An elderly 3F has been taken off shunting duties to assist 34067 up the 1 in 50. The pacific can only manage 7 unassisted.
My interim scheme for "installing" trains on the railway is to use "cassettes". The design I have chosen is a strip of MDF with two strips of aluminium angle attached 16.5mm apart. The second picture shows a cassette on a trial lashup to keep it at the correct height. The "production" version should look a bit more professonal!

The cassette in the photograph uses "Tardis" technology to save space, and as you can see, although it is only about 18" long, it is in the process of unloading a 10-coach train with two locos.

A trial lash-up to support a train cassette at the lawn end of the current line.

Saturday, 14 July 2012

More Progress

I've made some more progress in the gaps between the showers. Another 9' of track is laid, electrically connected, and test-run. All this section now needs is a few tweaks to the superelevation of the curves as a result of the testing, and ballasting.

A test train, ready to run over the newest section of track, not yet ballasted.

A test train runs down the new track (not yet ballasted) over the reverse curves.

In the first picture above, the continuing trackbed is just visible, protected from the rain by green plastic sheeting and wooden offcuts. To the left of the loco, and to the left of the first rain sheet, two concrete rectangles are visible on the ground. These are the bases for the back legs of a garden seat (temporarily removed during tracklaying), under which the track will run. This, along with the "kink" in our garden boundary at this point, is the reason for the fairly complex series of reverse curves in the area.

I now only have another 9' of track to lay to reach the lawn, which marks the end of permanent trackwork at this end of the line. From here, there will ultimately be a removable section across the lawn, then the permanent trackbed will continue up the other side of the garden to complete a circuit.

BREAKING NEWS 15/7/12: A dry, sunny day provided the opportunity to lay the final 9' of track to the lawn, adjust the cant (superelevation), and run a test loco over it. I still have to solder the electrical connections on this section, and ballast all of the latest 18' of track. I can then either do the reballasting necessary on Quarry Bank, or continue work on the extension at the other end of the line. Or both. I just need some dry weather.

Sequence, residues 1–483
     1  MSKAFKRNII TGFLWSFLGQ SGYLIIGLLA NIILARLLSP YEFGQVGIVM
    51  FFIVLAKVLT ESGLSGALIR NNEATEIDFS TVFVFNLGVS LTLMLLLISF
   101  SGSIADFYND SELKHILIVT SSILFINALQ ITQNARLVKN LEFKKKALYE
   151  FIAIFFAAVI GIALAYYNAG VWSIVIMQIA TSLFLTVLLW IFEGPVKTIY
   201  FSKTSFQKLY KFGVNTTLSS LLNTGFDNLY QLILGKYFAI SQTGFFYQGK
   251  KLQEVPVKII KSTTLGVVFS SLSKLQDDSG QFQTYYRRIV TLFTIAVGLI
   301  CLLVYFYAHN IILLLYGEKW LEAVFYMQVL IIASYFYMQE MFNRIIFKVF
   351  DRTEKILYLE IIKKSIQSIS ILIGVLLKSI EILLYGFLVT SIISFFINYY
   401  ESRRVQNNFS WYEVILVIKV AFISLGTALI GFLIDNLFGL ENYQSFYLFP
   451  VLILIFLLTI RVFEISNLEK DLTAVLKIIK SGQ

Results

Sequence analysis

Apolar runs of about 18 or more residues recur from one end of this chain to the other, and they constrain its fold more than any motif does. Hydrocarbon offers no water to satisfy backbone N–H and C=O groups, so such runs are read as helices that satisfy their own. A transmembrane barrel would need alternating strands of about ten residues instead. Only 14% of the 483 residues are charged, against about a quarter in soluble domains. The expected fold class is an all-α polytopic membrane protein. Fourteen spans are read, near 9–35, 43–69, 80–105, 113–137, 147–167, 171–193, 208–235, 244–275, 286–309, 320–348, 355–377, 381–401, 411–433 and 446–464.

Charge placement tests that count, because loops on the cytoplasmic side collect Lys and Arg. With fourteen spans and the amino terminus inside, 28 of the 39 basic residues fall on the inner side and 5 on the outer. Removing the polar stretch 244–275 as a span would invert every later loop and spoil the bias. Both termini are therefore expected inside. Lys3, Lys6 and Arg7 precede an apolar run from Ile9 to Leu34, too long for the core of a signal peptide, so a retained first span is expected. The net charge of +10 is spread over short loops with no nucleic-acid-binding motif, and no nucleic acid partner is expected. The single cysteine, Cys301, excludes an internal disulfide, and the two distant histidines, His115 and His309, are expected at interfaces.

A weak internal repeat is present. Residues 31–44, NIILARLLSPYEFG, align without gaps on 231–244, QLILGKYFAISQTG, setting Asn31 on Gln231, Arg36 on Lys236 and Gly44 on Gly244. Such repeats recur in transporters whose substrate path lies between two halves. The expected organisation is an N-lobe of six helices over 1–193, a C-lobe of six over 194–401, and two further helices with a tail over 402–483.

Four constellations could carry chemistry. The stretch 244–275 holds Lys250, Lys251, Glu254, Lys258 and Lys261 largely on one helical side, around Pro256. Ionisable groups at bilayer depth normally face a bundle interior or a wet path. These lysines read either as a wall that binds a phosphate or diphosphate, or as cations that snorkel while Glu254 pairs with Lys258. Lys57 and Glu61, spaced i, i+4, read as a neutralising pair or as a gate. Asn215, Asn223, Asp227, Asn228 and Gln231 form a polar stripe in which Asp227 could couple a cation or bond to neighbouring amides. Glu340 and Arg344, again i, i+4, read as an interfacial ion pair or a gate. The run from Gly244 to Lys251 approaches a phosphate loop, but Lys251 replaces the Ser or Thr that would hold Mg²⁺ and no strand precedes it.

While I was working between rain-showers on the new track, the previously completed trackwork was good and wet, and made an ideal thoroughfare for the numerous gastropods with which we share the garden. If any gastropod is reading this, please be advised that trespassing on the railway is dangerous and can result in death or serious injury. As soon as I find someone who speaks Sluggish, I will get some warning signs put up.

A trespasser on the main line.


If you wonder what I do while it's raining and I can't lay tracks, one option is to watch the real trains at the end of the garden. I must admit that it's an option I don't often take up, but last Monday was the 45th anniversary of the last steam-hauled public-service train on the Waterloo to Weymouth line, and an excursion train was run over the route "in memoriam".

35028 "Clan Line" on a Cathedrals Express excursion to Weymouth, 9.7.12.

35030 "Elder Dempster Lines" leaves Dorchester with the last steam train to Waterloo, 9.7.67

If anyone from Network Rail is reading this, please note from the above picture that the undergrowth on your land is getting out of hand again, and is starting to intrude on my photographs!

And finally ....

The fireman of a 3F mops his brow after a gruelling ascent of the Mendip hills.